Name of Hospital: Dominion Hospital
City, State/Province, Country: Falls Church, VA, USA
Number of Stars: 3
Comment: I spent time at Dominion both as a day program patient and an inpatient patient. In the Reflections Eating Disorder Treatment Unit, I saw questionable treatment from the staff. One nurse made the comment that we were at fault for the medical conditions we developed, as we were being ” unkind” to our bodies. My therapist told me to ” get over and move on” my reluctance to work with my mother considering her role in my development of anorexia, without attempting to work it through with me and my mother, dismissing my feelings as well as my trauma.
One nutritionist ran a nutrition group who had never done it before and who dismissed people’s food fears, invalidated us, had no training or preparation, seemingly no experience working with ED patients, and suggested such triggering exercises that a patient angrily ran out of the room. Overall, there were some good groups that were helpful to many, but there was also a lot of downtime outside of group, more than necessary for a day program.
My experience inpatient was drastically worse. The common perception of patients in the adolescent unit was that they were ” ungrateful delinquents”. The problems I personally have with this statement are too many to list. Punishments that were supposed to be safety regulations for more at risk patients were used when patients broke rules. Though I brought this up to a therapist who said that that behavior was unethical and that she would speak about it to the staff, nothing changed. There were rules that were absolutely nonsensical and had absolutely no purpose in aiding or recovery, such as no contact with the opposite gender or people in different units, and an overly strict dress code. No dresses/skirts above the knee were allowed, and one girl was told that she had to change out of her leggings bc they were too form fitting ( they were ordinary leggings, she was just curvaceous).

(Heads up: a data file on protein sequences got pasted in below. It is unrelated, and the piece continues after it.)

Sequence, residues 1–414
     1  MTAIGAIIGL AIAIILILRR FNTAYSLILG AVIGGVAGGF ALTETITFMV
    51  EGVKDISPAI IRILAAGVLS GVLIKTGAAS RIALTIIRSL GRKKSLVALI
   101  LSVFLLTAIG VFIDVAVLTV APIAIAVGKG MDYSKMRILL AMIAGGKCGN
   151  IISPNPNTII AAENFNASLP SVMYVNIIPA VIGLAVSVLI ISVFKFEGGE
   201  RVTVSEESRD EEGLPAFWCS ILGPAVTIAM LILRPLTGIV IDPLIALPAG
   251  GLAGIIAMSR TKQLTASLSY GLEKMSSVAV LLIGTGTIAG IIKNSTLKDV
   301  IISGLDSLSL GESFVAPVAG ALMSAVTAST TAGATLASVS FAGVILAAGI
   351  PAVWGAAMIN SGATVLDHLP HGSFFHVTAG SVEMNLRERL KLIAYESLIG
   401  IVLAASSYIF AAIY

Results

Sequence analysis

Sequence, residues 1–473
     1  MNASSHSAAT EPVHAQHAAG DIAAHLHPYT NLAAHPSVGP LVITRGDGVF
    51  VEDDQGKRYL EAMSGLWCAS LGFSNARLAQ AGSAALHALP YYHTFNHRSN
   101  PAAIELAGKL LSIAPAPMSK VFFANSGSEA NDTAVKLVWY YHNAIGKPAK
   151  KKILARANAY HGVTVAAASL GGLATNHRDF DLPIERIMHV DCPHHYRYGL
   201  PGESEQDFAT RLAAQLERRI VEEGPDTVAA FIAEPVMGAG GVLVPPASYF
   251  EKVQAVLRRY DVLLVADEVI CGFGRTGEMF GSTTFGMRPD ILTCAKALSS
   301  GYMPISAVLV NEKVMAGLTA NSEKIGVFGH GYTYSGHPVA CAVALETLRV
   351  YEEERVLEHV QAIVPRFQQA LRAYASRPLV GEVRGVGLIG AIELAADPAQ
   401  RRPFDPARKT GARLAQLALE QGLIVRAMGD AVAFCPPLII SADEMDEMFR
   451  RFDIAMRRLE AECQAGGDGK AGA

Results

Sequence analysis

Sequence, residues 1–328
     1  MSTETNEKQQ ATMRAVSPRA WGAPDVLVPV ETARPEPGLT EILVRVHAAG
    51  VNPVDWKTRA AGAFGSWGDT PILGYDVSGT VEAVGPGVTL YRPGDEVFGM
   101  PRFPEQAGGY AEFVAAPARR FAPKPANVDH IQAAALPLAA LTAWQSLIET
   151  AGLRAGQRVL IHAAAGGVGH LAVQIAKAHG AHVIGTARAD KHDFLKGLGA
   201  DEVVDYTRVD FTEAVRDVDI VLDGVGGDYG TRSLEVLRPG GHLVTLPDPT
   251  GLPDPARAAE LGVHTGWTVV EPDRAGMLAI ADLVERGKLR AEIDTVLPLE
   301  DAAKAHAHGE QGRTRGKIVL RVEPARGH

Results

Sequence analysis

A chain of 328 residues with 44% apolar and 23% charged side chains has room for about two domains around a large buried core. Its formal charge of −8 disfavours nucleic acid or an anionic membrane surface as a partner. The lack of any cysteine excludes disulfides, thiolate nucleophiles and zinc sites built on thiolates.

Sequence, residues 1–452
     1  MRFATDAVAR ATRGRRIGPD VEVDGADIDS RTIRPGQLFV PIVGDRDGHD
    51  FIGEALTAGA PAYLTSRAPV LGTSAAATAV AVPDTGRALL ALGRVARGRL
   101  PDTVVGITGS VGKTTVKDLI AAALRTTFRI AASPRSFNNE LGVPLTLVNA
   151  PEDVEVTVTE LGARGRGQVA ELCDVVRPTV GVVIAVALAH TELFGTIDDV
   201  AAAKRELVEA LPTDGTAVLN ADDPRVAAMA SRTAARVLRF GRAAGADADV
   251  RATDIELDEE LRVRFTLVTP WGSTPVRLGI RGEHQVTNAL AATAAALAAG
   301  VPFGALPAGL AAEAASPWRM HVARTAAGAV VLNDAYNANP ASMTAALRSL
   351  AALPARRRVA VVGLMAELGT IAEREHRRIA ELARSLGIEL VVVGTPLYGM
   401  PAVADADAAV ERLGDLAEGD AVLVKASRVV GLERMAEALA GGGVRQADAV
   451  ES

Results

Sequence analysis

In group therapy, family abuse from parents was discussed and treated as simple family disagreement which was partially the victim’s fault. There was still a lack of prioritization of care, as groups were very general, and family therapy was mandatory but one on one was optional. It gave the message that as long as these patients immediately weren’t a danger to themselves, even without solving problems or learning to cope, they would be thrust back to their families. There was a general indifference and callousness in the way the staff treated patients, with absolutely no empathy or understanding of mental illness. It was reminiscent of being herded in a zoo at times. One thing that made it better than at reflections was less restrictions on taboo topics, which allowed me to talk about issues I had. This was a need that was completely unmet at Reflections. Food was edible, but gross.
Type of program (i.e. day program, inpatient): Day program and inpatient
Any other identities/marginalizations i.e. race/gender/sexuality that could have influenced your stay?: Ableism was a big factor. I didn’t note any racism or sexism that wasn’t the garden variety kind that is ingrained into the practice of psychology, but in terms of race I am white passing and wouldn’t face discrimanation for the most part. Most people in the girls unit where I stayed at were LGBT, and there was trans boy in the boys unit. This was never really acknowledged beyond between patients. Heteronormativity was a factor, but it wasn’t really major. I don’t know how the trans boy was treated in the boys unit as I met him once and was allowed to talk to him unlike the other (cis) boys briefly, but for the most part I saw that staff treated him relatively the same and tried to use his pronouns, and was willing to be corrected if they mis gendered him. However, this is what I saw when observing one staff member rather than all.